When I was in the process of preparing to go to England, I was told multiple times by “experts” that England was different from the United States. So when I got to England and things didn’t feel different from Pennsylvania, I felt a little betrayed. I was really hoping that it would be a different culture that I was entering, but except for the exchange rate and the accents, everything of importance felt the same. The British countryside even looked like Pennsylvania in a lot of places. For the majority of the time I was in England, I acted like I wasn’t in a different culture because it didn’t feel like I was. I would even tell people that it was almost like being at home. I didn’t appreciate the subtle differences in culture because I couldn’t and didn’t notice them without hindsight. Perhaps that’s why I treasure those rare moments of clarity, like Bonfire Night, so much.


When we finally tumbled into the town, muddy up to our calves and shivering in the cold, the group split in different directions. We were a little early, and some students who had been there before went in search of their favorite local pub. I, however, decided to follow the crowd of people until I reached a part of town where there was a considerable amount of people lining the sidewalks. They could only be waiting for the parade to start, and I joined them, hopefully not looking too lonely. Standing there, the cold started to creep through my skin and into my bones. I began to wish I had brought a warmer jacket. Or a coat. My fingers were sorely lacking the comfort of gloves, and my ears were already going numb. I had been one of those hikers who did not check the weather before leaving.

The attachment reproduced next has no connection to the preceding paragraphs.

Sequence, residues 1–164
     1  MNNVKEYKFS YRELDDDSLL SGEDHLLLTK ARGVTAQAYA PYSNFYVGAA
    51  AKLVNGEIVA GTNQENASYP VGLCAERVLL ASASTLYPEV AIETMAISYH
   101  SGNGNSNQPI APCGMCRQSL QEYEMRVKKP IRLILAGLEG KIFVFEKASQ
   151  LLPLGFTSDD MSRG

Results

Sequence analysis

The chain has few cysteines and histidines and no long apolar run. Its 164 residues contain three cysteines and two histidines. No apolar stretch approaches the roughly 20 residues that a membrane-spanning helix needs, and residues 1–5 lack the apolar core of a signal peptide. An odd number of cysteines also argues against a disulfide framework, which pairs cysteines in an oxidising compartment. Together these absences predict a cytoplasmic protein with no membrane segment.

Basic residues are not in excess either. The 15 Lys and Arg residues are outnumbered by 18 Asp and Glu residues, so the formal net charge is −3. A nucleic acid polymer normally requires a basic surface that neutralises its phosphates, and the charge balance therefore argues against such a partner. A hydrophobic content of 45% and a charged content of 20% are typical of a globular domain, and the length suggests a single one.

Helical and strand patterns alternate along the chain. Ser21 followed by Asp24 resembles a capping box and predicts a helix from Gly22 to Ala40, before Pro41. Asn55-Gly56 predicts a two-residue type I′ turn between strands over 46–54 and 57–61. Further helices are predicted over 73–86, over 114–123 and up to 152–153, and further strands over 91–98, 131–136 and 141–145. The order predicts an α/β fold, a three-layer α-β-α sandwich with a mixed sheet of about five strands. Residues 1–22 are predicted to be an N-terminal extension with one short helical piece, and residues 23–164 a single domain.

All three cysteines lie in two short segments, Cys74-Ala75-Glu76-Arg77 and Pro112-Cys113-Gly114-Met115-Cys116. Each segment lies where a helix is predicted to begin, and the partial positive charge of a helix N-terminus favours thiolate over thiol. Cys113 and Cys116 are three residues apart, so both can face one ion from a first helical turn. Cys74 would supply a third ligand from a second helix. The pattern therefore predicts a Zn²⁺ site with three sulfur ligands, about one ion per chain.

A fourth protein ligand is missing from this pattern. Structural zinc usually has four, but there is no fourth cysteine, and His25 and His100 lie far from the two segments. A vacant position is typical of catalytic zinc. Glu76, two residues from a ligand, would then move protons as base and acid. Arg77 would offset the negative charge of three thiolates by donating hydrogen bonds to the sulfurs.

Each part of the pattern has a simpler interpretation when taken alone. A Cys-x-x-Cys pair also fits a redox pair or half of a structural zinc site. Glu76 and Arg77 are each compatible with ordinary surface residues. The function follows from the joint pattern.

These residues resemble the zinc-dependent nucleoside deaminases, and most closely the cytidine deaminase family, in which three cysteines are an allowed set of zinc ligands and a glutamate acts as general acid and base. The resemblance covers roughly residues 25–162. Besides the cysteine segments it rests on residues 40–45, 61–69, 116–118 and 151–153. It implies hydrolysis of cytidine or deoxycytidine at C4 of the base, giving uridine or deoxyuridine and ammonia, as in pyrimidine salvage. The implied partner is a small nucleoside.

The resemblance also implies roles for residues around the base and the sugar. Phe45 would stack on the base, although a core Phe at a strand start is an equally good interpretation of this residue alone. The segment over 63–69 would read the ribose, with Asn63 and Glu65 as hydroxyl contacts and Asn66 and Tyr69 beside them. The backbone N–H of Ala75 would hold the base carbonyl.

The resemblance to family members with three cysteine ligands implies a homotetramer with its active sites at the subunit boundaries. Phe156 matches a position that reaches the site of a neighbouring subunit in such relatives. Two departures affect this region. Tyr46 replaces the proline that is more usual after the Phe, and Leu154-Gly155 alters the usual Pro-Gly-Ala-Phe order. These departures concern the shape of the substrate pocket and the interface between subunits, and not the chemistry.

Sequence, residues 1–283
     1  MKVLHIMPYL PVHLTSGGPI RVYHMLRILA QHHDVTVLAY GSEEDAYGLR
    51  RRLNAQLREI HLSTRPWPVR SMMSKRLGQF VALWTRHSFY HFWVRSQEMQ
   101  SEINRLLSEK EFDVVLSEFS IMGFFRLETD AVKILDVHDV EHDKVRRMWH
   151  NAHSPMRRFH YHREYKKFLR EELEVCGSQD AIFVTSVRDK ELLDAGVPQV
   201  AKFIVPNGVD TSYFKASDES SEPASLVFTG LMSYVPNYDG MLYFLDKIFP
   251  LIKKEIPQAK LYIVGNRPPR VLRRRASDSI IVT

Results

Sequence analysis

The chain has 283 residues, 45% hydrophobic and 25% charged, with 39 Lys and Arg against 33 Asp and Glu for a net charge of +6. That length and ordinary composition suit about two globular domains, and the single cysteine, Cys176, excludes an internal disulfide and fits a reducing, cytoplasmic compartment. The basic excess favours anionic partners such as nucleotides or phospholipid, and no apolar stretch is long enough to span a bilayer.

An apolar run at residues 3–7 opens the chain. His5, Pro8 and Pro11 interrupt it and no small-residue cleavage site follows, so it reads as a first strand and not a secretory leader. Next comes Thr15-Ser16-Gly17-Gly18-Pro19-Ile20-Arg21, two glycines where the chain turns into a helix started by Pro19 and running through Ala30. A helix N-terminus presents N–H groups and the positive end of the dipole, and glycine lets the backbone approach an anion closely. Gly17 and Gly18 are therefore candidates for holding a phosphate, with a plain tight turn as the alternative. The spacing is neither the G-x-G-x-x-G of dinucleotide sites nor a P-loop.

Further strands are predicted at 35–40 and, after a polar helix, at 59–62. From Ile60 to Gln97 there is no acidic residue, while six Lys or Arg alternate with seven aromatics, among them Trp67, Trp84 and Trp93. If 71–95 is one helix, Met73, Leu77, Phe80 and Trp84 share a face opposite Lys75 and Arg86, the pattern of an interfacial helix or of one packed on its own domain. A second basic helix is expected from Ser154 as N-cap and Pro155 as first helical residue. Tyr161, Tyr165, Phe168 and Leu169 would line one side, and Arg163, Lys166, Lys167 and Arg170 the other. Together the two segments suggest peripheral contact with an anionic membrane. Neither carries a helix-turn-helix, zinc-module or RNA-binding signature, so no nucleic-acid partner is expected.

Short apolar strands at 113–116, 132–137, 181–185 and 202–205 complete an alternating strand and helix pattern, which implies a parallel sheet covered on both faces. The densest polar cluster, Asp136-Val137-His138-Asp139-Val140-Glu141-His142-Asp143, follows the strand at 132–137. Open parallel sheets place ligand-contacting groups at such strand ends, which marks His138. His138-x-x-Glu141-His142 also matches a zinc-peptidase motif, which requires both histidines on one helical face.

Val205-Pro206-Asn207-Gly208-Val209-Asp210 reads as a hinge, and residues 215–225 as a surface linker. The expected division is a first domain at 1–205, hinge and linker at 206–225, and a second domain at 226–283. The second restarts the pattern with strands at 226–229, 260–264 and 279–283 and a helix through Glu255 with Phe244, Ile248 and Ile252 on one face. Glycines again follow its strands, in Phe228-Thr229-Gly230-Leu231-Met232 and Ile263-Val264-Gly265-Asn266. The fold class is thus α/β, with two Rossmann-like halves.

And then came the light, and suddenly the words “bonfire night” became clear.

Up the street marched the paraders, nearly all carrying blazing torches. I immediately stepped closer to the road, hovering on the edge of the curb, desperate for the small warmth passing by. The marchers wore every manner of costume imaginable. Old timey English clothes, wizards (Gandalf among them), monks, Native Americans (I was thoroughly confused at this point), Women’s Suffragettes, this parade had it all, even Batman. There was even a float of a huge Putin (yes, that Putin) wearing only a speedo and riding on top of a tank. I’m still not sure what to make of it. When the paraders weren’t holding torches, they were holding banners which proudly proclaimed they were from this bonfire society or that one. Some were pushing strollers along with swaddled babies sleeping inside. The torchbearers were old and young; the youngest were elementary school kids who were not really paying attention to where they waved those fire hazards. Even some of the adults were not as careful as I would have been (and me a pyromaniac). Surely some of these costumes were highly flammable. Sometimes they passed so close that I thought my hair would catch on fire, but I didn’t step back. I was too cold to care about the possibility of catching on fire. At least then I would be warm.

When a torch was at the end of its life the bearer would drop it by the curb and light a new one, so the road was littered with still burning torches and looked to be on fire. Some paraders were what I dubbed burnt-torch-wagon-pullers, in which burnt-torch-picker-uppers would deposit any discarded torches into a creaking wagon. These wagons became mobile mini bonfires. I envied those wagon pullers for their proximity to the flames.